WILMINGTON — A local solution may be the best solution to deal with the feral cat issue.
Judiciary Committee chairperson Matt Purkey brought the issue to Wilmington City Council’s attention Thursday — after it was discussed at a special meeting on Monday — to see what would be the best way to handle it.
“Our consensus at that point was that the trap/neuter/release method is how to handle the situation, but the city is not in the position to help fund that, per se. But we want to try and help spread the word about the two shelters we have … who do (spaying/neutering) on a regular basis,” said Purkey.
Purkey also talked about how they looked at the possibility of creating an ordinance forbidding outdoor feeding of pets. He added that it would be an unenforceable ordinance that would rely on “neighbors ratting on neighbors.” He’s not saying he’s fully endorsing the idea, but he wanted to discuss it with the full council.
Brittany Skidmore, who has volunteered at the Clinton County Humane Society for 11 years, spoke to council about why the feeding ban was a bad idea and why the neuter/release is a good idea. Skidmore told council she had personally helped “fix” over 109 cats in the area.
“Trap/neuter/release is the only way to go,” said Skidmore. “(The outdoor feeding) ban could lead to the potential idea of euthanasia that other cities have adopted and I do not support that.”
She told council that it has been proven not to work in those cities and that it wastes money that could be going to trap/spay or neuter/release programs. She added that she found it “insanely inhumane.”
She addressed concerns that it was a public health risk with info saying that it was nothing to be concerned about.
“It’s not been proved (to be a health risk),” she said, handing out info sheets to the members. “You’re not going to get rabies … you have more of a health risk standing in line next to somebody sick at Kroger.”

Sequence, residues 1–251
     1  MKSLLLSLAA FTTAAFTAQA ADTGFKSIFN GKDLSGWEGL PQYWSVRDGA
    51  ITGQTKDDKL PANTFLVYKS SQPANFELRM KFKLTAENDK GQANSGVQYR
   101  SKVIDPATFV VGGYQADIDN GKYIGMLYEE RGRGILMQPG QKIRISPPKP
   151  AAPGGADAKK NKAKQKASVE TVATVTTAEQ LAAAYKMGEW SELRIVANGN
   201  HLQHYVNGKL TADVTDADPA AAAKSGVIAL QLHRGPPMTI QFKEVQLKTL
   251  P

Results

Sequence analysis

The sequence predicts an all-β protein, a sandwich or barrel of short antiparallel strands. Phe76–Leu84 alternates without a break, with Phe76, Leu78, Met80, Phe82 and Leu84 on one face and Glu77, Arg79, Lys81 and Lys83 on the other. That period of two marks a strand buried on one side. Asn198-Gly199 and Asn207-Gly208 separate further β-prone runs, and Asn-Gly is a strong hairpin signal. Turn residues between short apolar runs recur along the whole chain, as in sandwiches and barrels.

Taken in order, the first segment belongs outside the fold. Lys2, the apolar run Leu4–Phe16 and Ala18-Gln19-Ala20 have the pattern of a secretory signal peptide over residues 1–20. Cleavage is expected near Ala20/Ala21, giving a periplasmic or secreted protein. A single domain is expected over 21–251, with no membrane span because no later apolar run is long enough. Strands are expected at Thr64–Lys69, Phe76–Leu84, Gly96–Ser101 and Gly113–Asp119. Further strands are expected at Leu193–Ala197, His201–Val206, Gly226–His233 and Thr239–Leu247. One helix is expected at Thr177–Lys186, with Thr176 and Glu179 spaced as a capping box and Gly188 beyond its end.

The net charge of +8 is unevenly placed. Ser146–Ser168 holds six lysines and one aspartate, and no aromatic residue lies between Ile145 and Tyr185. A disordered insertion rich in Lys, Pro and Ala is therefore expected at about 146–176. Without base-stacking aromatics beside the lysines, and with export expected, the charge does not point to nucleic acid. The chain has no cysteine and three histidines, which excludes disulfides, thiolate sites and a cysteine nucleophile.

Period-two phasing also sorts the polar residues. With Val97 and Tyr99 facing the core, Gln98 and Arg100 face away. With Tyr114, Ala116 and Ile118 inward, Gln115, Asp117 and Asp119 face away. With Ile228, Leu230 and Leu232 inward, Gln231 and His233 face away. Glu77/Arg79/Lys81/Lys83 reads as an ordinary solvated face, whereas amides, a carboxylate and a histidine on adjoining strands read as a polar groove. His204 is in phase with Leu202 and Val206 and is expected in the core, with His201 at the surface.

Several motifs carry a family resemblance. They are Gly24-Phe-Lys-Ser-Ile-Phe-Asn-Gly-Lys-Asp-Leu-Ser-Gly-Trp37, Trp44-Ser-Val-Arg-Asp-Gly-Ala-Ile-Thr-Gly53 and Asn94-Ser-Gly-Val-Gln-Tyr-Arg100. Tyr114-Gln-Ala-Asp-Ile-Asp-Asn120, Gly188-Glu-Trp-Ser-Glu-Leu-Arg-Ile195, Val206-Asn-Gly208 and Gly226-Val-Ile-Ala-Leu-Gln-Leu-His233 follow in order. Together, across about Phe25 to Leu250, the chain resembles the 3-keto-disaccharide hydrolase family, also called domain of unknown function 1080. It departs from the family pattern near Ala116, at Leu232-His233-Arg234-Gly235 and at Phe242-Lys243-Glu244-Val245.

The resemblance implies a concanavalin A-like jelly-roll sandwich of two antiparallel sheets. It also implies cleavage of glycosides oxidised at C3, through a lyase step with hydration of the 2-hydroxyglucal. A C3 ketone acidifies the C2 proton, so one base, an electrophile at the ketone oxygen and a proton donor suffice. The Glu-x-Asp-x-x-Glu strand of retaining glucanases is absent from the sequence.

With the outdoor feeding, she noted it could be an issue for those who are trapping them to get them spayed or neutered because outdoor feeding is the way they trap the cats.
City Administrator Marian Miller pointed out to council that the Clinton County Humane Society had spayed or neutered over 3,000 cats and all of it had been done through donations, not through monetary grants.
In regards to an official way of catching the cats for the programs, they noted there’s no “cat warden” or any position like that in the area.
Councilmember Kelsey Swindler noted that County Dog Warden Rex Doak, “Does not respond to cat calls.”
Both Swindler and Skidmore pointed out that when it comes to ferals and strays getting spayed/neutered and released, they usually remain in the care of those that catch them. Both also noted that caring for the cat after the procedure takes a lot of time and money before it’s released.
While no official decision was made, Purkey was happy to have the discussion as they look what the best option would be.
Also during council:
• Mayor John Stanforth made two proclamations. The first marked April 2019 as Autism Awareness Month in Wilmington.
The second was to proclaim April 2019 as Donate Life in Wilmington, and he was joined by Shelby LaPine, whose son Luke was an organ donor.
Shelby spoke about her son, who died in 2014 shortly after graduating from East Clinton High School, and how his choice to become an organ donor helped save numerous lives. Among those were a two-year-old burn victim and a doctor in New York City who received Luke’s lungs.
Reach John Hamilton at 937-382-2574